with CIS, the probability of being disease-free at five years was 18%
after treatment with doxorubicin and 45% after BCG therapy.
In conclusion, INF increases the antineoplastic activity of BCG,
especially in resistant and relapsing patients, but not in T1 and CIS In conclusion, second-line conventional IVT chemotherapy is inferior to
a second course of BCG, especially in high-risk (CIS and T1) patients.
Keyhole Limpet Haemocyanin New Chemotherapeutic Agents
Keyhole limpet haemocyanin (KLH) is a non-specific immunomodulator.
The large protein extracted from the sea mollusc Megathura crenulata Gemcitabine
contains many antigenic epitopes, and is considered a strong antigenic Gemcitabine is a novel deoxycytidine analogue with a broad-spectrum
molecule that, it is thought, can modulate cell-mediated and humoral- antitumour activity.
Together with cisplatin, it is used as a first-line
immune response. Its efficacy against superficial bladder cancer has been treatment in patients with advanced TCC.
Dalbagni et al.
evaluated in several studies. Jurincic-Winkler et al.
treated 13 G3 CIS two courses of intravesical gemcitabine twice weekly at a dose of
patients with 20mg of KLH for six weeks, then monthly for one year and
bi-monthly for an additional two years. Only two patients (15.3%) were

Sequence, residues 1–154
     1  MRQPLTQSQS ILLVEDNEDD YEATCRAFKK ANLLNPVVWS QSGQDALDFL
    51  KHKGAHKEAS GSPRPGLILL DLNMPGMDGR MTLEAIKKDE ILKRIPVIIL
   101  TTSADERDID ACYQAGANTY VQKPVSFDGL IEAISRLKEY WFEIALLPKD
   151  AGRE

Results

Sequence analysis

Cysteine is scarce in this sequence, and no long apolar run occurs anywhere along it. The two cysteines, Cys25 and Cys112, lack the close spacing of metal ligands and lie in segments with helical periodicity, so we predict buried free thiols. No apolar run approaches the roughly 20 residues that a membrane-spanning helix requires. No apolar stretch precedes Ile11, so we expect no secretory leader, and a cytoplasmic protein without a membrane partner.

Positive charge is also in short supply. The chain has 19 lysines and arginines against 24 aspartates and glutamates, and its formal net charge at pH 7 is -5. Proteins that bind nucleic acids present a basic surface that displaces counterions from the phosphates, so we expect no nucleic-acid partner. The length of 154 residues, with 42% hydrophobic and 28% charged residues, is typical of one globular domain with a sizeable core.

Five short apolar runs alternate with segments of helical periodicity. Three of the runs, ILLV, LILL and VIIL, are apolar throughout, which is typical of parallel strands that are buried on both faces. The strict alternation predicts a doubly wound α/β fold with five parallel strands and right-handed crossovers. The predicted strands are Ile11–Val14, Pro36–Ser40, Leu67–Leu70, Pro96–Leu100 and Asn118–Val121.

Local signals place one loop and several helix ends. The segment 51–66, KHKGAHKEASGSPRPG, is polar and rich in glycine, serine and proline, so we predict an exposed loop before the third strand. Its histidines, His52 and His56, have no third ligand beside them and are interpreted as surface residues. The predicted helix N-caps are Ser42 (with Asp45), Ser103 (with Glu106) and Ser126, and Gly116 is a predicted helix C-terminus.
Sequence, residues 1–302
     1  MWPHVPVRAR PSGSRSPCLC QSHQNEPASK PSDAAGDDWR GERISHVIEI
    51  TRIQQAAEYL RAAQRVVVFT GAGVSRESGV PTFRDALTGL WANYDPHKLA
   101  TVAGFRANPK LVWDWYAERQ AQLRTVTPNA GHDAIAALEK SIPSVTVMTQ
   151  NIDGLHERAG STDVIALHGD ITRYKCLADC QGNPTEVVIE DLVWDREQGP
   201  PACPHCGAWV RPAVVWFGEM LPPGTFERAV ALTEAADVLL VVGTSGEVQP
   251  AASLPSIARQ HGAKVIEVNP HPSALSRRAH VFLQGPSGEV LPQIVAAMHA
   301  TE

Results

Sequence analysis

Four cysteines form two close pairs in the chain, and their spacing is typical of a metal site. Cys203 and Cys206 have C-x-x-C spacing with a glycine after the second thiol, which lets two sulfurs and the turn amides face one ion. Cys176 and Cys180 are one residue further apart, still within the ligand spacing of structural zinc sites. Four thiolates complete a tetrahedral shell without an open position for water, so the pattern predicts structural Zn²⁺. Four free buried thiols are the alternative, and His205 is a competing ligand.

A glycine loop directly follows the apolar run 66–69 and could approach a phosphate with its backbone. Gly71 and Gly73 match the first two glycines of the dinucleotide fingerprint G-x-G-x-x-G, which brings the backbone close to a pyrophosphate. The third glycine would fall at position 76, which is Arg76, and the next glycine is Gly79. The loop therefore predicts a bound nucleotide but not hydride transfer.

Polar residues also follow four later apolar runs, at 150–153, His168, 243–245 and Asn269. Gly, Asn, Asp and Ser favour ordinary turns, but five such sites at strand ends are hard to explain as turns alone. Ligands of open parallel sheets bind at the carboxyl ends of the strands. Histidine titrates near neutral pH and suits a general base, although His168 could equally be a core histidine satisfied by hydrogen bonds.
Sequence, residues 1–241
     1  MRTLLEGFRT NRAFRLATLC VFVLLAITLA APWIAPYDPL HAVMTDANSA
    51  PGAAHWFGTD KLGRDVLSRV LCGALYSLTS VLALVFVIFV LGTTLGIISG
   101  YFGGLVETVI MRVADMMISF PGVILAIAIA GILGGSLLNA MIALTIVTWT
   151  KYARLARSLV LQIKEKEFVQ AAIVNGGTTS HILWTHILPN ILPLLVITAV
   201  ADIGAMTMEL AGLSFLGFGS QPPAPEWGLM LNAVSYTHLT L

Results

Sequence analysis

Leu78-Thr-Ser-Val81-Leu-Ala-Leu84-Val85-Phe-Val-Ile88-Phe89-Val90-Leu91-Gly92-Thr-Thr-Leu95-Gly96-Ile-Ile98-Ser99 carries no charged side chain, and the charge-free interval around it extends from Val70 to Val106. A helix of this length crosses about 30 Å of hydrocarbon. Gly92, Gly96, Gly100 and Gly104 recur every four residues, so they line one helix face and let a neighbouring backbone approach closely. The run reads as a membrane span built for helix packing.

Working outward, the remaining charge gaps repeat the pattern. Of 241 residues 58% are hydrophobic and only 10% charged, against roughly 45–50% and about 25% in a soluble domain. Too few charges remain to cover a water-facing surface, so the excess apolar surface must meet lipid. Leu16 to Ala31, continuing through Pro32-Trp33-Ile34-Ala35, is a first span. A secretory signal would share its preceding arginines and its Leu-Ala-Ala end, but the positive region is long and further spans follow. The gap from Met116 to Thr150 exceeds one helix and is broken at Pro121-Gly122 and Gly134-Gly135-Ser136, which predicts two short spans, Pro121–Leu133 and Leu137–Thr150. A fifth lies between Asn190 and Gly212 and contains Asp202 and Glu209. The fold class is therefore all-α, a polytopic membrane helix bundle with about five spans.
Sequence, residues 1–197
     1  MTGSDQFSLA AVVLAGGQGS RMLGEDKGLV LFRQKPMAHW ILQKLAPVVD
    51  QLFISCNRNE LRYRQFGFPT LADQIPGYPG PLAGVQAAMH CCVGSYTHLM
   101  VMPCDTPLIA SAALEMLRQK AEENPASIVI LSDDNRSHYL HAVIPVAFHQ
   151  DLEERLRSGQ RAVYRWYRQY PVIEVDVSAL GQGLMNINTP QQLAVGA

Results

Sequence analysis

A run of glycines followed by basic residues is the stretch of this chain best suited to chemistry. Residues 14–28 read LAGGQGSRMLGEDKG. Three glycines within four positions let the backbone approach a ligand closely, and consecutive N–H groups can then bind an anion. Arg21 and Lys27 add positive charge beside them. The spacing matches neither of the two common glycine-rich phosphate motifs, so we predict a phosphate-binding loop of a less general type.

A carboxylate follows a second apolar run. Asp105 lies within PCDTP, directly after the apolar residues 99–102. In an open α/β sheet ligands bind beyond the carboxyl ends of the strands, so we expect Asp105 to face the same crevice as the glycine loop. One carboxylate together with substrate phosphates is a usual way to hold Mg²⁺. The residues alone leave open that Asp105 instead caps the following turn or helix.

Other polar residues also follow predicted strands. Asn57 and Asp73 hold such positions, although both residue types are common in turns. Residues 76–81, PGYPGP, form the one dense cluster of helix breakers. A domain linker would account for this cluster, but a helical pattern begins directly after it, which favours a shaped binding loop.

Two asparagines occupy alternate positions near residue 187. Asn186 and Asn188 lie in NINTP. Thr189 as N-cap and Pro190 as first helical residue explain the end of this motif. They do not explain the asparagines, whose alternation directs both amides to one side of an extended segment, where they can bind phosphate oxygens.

Some physicians consider treatment
free of tumour during a follow-up time of 66 and 82 months,
respectively. In a phase I–II trial, Lamm et al.
used escalating doses of a failure only after two courses of
weekly KLH IVT given to 64 patients with CIS or Ta, T1 TCC or both. A
intravesical therapy with bacillus
complete response was seen in 50% of patients with CIS, 20% of
patients with residual Ta, T1 TCC and 33% of those with both CIS
Calmette-Guerin, while some consider
and residual Ta, T1 disease. Our own experience with KHL (Halachmi and
it a failure immediately after the
Nativ, unpublished data) included 15 patients with multiple recurrences
(mean 2.41/year) of Ta and T1 TCC who had failed at least one course of
another IVT. Local recurrence without progression was observed in eight
patients (53.3%) within a mean time of less than one year. All studies 2,000mg/100ml for three consecutive weeks in 30 patients with BCG
reported a low rate of mild side effects. Despite these results and failure. All had intermediate- to high-risk disease, including 23 CIS,
the acceptable safety profile, KHL did not gain enough popularity for the three T1 and four TaG3. Following treatment, 15 patients (50%)
treatment of BCG failures. achieved complete response while 12 had local recurrence within a
median follow-up time of 3.6 months. One of the 15 complete
Conventional Chemotherapeutic Agents responders developed severe urinary toxicity and underwent
It has been shown that BCG antineoplastic activity is superior to cystectomy; the final pathological specimen showed no evidence of
that observed following topical chemotherapy. However, some groups disease. Of the remaining 14, 12 had early recurrence while the other
EUROPEAN UROLOGICAL REVIEW 45